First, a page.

Fertilization is defined as the fusion of gametes, in humans known as an egg and sperm. This fusion produces a zygote that will develop over time into an organism. When a zygote develops, it goes through a number of divisions, otherwise known as cleavages, so it can become that organism. The organism begins at a one cell stage and cleaves until a whole organism is formed. After each cleavage, more cells are distinguishable; each cell is now called a blastomere. After waiting until the third cleavage, which is when there is a horizontal division between the four previously produced cells, another four cells are produced. These four cells are a grouped into two pairs each consisting of two cells. Each pair will move to the opposite sides of the zygote. The bottom pair is located at the vegetal pole. This pair will divide further into macromeres and micromeres. Now at this stage, the larvae are at the 16 cell stage.
Previously discovered, micromeres are responsible for the development of the larval skeleton. The experiment we focused on this week was ablating sea urchin larvae’s micromeres to see whether their development affects how they retain the algae they eat, Rhodomonas. We believe that there is an effect(or correlation) between the mouth’s size and the frequency of keeping such jumpy prey in their mouths. What we did was fertilize sea urchin eggs and wait until they had reached their 16-cell stage. Once the larvae reached this stage we ablated their micromeres away. We recovered those larvae and will now observe their reactions to this phenomenon.
The slideshows underneath show the current stage of our original cultures from week 1. The order goes from left to right: Sand Dollars(leftmost), Sea Urchins(), and lastly the Starfish().
On to our previous weekend, the REU interns went camping at Cape Arago. There we had the chance to meet the other interns at the main University of Oregon campus. Personally, I had only camped once before this excursion, so I was ecstatic to do it again. I am so surprised and happy with my camping experience. The campsite was clean and the people seemed friendly.The weather was so nice and warm perfect for a day at the beach, so we set up camp and walked over. After half an hour, some REU interns and I decided to go on a hike. The best points of our hike were the overlooking and astonishing views of the beach, watching harbor seals jump into the ocean and seeing the historical site, which contained a rose garden and greenhouse. Once we got back down we started to have dinner and ended that meal with a campfire smores and attempted scary stories. It was exactly how I pictured camping the only thing that exceeded my expectations was the amount of fun I had!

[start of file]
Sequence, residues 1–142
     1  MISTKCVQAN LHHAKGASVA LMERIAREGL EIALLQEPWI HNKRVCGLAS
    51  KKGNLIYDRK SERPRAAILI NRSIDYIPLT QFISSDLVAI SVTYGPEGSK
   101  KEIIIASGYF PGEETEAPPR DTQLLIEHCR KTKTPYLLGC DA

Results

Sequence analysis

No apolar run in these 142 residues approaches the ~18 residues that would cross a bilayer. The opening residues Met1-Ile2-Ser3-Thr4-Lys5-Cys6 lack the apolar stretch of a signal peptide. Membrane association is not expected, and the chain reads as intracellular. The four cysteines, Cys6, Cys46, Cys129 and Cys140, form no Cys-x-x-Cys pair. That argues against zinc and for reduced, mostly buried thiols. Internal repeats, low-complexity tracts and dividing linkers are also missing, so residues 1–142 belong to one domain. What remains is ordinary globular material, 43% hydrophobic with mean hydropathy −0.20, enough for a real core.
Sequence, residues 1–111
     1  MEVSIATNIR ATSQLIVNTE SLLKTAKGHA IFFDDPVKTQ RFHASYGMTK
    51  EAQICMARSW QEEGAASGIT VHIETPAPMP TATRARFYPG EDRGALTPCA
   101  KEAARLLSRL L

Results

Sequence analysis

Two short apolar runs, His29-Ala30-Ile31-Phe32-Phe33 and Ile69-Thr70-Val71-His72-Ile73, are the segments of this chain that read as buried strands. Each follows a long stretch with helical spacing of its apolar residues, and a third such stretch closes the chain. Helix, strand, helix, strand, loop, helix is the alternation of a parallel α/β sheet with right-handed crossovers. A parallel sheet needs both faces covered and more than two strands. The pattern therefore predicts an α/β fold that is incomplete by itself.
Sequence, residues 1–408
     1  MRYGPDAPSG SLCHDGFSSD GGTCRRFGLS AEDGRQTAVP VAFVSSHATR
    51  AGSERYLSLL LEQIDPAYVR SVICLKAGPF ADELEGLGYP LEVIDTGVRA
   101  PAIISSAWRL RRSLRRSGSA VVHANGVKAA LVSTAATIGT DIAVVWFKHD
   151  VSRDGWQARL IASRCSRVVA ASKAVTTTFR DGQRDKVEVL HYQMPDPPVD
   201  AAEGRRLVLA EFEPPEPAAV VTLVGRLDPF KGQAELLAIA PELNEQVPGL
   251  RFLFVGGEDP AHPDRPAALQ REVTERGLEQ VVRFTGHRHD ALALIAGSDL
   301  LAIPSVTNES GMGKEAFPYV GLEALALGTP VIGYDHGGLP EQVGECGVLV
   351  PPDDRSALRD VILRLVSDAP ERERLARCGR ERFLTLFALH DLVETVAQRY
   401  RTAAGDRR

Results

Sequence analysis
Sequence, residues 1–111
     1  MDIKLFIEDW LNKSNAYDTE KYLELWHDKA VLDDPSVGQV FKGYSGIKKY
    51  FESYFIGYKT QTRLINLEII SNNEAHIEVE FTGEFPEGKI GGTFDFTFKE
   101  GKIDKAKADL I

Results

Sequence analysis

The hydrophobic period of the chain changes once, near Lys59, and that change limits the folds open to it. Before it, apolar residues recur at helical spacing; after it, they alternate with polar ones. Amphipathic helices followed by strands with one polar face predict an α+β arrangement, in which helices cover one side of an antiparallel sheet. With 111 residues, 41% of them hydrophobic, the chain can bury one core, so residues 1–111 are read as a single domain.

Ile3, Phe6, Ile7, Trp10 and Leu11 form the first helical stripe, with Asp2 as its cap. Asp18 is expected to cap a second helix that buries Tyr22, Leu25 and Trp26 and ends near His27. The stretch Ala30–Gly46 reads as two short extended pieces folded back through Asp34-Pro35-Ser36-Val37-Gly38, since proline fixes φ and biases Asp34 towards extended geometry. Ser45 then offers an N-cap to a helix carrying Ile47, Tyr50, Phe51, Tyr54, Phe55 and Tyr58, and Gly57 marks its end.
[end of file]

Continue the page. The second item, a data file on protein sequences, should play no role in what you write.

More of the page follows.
Fast forward to the 4th of July, we had the day off . We all enjoyed some extra sleep time and met up with each other at the picnic. There we had great food and great company. After lunch, we did an egg toss. It was my first time participating in this activity so I will explain what it is. You and a partner stand across from each other and you toss an egg. After each throw, both partners take a step back and the game keeps going until all the eggs have cracked. My partner was Nancy, although we lost it still was loads of fun. We were both pleasantly surprised that we had made it so far in the game.
Hardin, Jeff. Figure 3.1-3.15 “ Characteristic stages during early development in Lytechinus variegatus.” Chapter 3, The sea urchin embryo in “Embryos: Color Atlas of Development” (J.Bard,ed.) London, Wolfe Publishing embryoworms.zoology.wisc.edu/publications/publications.html#research_urchins
SeaUrchin Clipart Image #16. Digital Image. Clipground. http://clipground.com/sea-urchin-clipart.html
Hi! My name is Kostantina Orselli and I am transferring to California State University of Northridge. My interests include hiking, kayaking, playing with my dog, hanging out with friends, watching movies and more. I am ecstatic to be experiencing this opportunity at OIMB!